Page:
The Chimney Safety Institute of America recommends that chimneys and fireplaces should be cleaned and inspected annually to prevent fires and other safety hazards. We’ve developed an annual maintenance program to make sure our customers remember to schedule this important safety check of their homes. There is no better time than the present to ensure the safety of your home! Contact us for details and to schedule your maintenance today!
2nd Generation Chimneys, Inc. Blog: Archive for March, 2012
Why St. Croix County Residents Should Inspect or Replace a Flue Liner When Upgrading a Heating SystemWednesday, March 28th, 2012
Despite how they look, most chimneys in St. Croix County can not of handle all forms of exhaust. In fact, when you get your chimney serviced, it is vital to perform chimney flue liner cleaning, and if the chimney flue does not look capable of handling a few more winters, replace it. Here are some details on why this is so important and how you can ensure your family and home are safe with your current chimney.
Condensation and Flue Gasses
If your chimney liner is older and has not been updated in some time, then it is likely not optimized for high efficiency gas boiler or furnaces. Chimneys are designed to do one thing – vent flue gasses. However, since heating systems have become so much more efficient in recent years, they now release flue gasses at much lower temperatures as more heat is extracted from the exhaust.
The result is that gasses being released into your chimney or exhaust pipes are often just barely over the dew point, meaning they will cool in the chimney and condense into liquid – often containing dangerous, corrosive acids that can eat through the flue liner and start to leak through the external structure.
In a single hour of operation, a 150,000 BTU furnace can produce over a gallon of liquid lined with various acids that can eat right through your flue liner and cause damage to your house and present health problems to your family.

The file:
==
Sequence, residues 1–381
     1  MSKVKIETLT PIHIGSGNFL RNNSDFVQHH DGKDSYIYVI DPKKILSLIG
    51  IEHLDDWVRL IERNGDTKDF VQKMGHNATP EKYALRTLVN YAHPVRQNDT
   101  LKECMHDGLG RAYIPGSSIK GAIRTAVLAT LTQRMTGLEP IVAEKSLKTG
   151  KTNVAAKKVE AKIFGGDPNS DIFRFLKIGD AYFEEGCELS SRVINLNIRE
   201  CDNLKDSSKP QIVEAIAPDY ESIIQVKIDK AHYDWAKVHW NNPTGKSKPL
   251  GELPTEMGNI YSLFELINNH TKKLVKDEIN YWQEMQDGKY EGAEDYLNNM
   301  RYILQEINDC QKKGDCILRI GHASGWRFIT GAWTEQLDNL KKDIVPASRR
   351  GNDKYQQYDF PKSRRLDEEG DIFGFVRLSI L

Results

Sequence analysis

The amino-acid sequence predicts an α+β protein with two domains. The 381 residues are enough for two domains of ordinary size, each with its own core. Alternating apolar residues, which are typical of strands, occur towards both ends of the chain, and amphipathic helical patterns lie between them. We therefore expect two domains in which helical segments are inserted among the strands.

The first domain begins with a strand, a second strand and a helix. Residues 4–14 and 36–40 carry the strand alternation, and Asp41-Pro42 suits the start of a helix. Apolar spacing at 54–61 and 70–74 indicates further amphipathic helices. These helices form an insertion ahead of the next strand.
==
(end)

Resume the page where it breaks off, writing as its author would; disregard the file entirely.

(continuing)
Proper Inspection and Upgrade
Not only can an increase in efficiency cause problems, but changing the type of exhaust can as well. Switching from gas to oil for example results in different exhaust and can create a problem with older flue liners.
For all of these reasons it is very important to have your current flue liner inspected for damage and to make sure it is sufficient for a new heating system. If it is not, it should be replaced immediately to ensure it will be enough to handle the gasses being released during combustion. Please call 2nd Generation Chimneys with any questions.
Why Most Prefabricated Fireplaces in Cambridge Cannot be Installed Using the Existing Chimney SystemThursday, March 22nd, 2012
If you are looking to add a charming touch to your home, or just supplement your current heating system, you may be considering installing a fireplace. Since building a new fireplace is often costly and requires a lot of masonry work, many people are opting for prefabricated fireplaces instead.